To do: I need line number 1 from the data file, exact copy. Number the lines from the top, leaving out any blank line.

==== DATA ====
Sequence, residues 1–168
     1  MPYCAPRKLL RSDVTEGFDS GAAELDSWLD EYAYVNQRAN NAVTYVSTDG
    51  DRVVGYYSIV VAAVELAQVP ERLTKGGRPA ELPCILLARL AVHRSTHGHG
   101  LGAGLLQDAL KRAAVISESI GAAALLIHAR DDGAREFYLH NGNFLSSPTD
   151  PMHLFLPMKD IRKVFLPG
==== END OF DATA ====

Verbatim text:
Sequence, residues 1–168